Disaster Relief Made Easy by 3D-Printing

Perhaps the thought of bringing a 3D-printer into a disaster area is far from imaginable, but it looks like it is becoming a reality making disaster relief much easier by 3D-prinitng.

Replacement parts to mend leaking pipes, incubators and medical equipment are already being printed by the not-for-profit organisation Field Ready in Nepal, following last year’s earthquakes. And as the technology improves, the potential to provide onsite assistance is expected to increase significantly – from printing emergency shelters to lifejackets. – Read more at:

huge 3D-printer by an Italian company to be used for building homes

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Another way of using 3D-printing technology in future disaster relief efforts involves the building of 3D-printed homes, as envisioned by a group of architects. An article by Independent reported on this:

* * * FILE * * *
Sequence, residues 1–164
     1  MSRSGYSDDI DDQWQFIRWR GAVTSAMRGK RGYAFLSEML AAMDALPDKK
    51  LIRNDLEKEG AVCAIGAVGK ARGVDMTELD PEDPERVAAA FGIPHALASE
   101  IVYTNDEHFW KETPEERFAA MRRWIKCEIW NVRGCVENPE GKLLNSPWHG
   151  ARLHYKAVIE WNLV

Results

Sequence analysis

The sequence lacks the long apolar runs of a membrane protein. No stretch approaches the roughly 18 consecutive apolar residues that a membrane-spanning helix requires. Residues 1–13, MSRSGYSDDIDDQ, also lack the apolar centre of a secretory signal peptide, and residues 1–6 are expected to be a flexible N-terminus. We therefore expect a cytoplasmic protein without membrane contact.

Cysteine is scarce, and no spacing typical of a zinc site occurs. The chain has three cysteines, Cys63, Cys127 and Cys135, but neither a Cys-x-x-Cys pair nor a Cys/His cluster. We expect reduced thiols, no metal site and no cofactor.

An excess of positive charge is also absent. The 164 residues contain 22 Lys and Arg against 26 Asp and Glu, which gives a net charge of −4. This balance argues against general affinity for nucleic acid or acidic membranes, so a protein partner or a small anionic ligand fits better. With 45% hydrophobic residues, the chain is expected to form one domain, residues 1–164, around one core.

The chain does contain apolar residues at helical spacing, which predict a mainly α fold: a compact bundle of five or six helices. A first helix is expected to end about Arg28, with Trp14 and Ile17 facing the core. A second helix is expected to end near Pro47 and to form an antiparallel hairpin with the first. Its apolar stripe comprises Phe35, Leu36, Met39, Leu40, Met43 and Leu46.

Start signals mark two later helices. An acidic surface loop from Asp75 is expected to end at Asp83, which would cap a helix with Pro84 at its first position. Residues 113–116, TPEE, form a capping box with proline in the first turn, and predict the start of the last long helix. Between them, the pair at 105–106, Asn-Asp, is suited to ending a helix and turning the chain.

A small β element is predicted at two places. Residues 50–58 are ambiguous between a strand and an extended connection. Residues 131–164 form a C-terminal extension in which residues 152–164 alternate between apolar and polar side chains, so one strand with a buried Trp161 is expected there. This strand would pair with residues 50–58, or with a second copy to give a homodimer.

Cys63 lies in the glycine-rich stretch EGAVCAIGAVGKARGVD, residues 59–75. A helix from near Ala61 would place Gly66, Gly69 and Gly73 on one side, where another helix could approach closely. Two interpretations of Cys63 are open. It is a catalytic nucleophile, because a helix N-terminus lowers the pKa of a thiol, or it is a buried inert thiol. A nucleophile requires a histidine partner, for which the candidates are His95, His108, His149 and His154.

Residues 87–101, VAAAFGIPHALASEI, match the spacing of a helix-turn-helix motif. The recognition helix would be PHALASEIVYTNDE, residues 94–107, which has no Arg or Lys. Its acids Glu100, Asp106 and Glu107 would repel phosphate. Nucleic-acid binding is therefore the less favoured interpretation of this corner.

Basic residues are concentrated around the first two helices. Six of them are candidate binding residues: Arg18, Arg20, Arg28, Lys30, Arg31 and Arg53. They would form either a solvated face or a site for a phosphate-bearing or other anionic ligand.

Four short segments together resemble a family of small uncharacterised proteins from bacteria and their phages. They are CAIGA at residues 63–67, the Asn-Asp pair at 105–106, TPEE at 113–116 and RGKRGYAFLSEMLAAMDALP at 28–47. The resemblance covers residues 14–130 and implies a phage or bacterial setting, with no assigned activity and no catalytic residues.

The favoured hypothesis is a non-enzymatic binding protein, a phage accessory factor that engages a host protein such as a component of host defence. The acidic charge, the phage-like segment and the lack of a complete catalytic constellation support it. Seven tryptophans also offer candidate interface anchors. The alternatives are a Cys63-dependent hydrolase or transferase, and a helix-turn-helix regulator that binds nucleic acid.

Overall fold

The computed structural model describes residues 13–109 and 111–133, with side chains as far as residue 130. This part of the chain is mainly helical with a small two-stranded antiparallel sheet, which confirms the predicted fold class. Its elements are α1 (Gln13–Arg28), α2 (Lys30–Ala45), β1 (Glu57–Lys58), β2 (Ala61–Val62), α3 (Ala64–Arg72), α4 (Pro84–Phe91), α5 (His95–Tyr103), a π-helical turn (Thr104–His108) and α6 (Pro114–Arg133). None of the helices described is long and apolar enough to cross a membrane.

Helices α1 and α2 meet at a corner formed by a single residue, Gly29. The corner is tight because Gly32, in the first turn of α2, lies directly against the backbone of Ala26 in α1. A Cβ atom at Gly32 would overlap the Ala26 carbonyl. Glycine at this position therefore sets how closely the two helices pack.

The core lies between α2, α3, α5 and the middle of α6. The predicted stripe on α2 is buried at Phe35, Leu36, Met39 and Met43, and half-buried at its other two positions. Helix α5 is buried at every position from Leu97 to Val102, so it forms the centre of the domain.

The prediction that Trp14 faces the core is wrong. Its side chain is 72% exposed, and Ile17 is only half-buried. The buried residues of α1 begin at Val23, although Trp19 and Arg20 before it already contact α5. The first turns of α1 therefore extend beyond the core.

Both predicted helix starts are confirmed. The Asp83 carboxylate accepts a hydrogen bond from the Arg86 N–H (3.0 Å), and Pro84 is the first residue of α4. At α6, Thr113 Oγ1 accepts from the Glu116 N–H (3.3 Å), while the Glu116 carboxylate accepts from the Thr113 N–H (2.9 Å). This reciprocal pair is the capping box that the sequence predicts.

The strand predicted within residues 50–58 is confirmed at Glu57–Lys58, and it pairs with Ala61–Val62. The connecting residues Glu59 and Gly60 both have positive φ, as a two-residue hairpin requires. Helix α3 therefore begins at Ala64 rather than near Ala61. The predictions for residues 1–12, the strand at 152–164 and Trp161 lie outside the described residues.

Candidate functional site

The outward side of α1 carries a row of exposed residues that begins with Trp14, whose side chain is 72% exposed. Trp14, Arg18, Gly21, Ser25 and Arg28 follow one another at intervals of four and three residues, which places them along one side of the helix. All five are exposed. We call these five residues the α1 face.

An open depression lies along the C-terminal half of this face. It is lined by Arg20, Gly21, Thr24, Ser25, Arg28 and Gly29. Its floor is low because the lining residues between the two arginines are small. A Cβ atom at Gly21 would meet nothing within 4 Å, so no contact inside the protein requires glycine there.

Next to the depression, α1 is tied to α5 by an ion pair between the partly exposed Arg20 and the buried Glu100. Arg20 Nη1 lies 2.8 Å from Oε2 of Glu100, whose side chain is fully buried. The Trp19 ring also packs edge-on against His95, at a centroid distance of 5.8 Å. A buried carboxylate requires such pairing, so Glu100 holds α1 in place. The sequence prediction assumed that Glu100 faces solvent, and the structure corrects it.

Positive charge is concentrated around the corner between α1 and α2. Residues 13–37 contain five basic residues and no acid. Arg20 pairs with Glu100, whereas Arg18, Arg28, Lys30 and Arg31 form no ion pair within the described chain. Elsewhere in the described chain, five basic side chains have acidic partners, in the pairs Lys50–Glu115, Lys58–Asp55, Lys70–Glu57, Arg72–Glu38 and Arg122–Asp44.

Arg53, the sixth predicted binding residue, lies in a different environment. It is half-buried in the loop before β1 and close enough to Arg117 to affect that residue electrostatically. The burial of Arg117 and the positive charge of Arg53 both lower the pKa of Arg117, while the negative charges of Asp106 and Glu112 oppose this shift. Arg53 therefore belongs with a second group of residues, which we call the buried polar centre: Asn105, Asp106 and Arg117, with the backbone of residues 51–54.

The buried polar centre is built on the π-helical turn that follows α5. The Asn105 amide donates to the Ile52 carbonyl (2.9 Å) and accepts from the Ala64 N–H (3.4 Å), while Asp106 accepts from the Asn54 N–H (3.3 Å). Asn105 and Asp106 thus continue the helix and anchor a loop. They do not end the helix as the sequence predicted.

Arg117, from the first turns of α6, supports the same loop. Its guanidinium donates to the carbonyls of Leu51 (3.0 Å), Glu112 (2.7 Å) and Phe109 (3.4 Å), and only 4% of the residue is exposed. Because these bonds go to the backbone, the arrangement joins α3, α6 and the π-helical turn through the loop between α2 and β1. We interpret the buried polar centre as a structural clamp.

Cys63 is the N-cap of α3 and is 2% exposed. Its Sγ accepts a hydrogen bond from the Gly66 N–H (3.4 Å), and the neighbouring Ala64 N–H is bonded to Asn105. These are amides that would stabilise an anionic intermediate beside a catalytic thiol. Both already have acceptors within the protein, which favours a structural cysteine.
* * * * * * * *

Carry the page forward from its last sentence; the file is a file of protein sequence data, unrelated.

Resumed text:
Architects in Amsterdam are building a 3D-printed house – an effort some say could soon transform disaster reconstruction and help the homeless around the world as the technology becomes increasingly more affordable. […] “We are currently printing with bioplastics, which are 80 percent made from vegetable oil,” Tosja Backer, expo-manager at the 3D Canal House, told reporters. – Read more at:

This is indeed one awesome benefit of 3D-printing that will impact human lives in times of natural calamities.

Meanwhile, 3D-printing is also finding its way into other areas not conceived of in the past.

A funeral parlour isn’t the most obvious place for a 3D printer, but the Longhua funeral parlour in Shanghai offers a very unusual service: 3D printing of body parts for damaged or disfigured corpses. It’s believed to be the first such service in China, and the cost of a replacement face is 4,000 to 5,000 yuan (around £450-£540, $650-$780, or AU$890-AU$1,070). – Read more other 3D-printing applications mentioned here

3D-printers may not yet be a common household gadget for now, despite predictions it would, yet 3D-printing is already part and parcel of living in today’s world.

 

 

 

 

 

 

 

 

 

 

 

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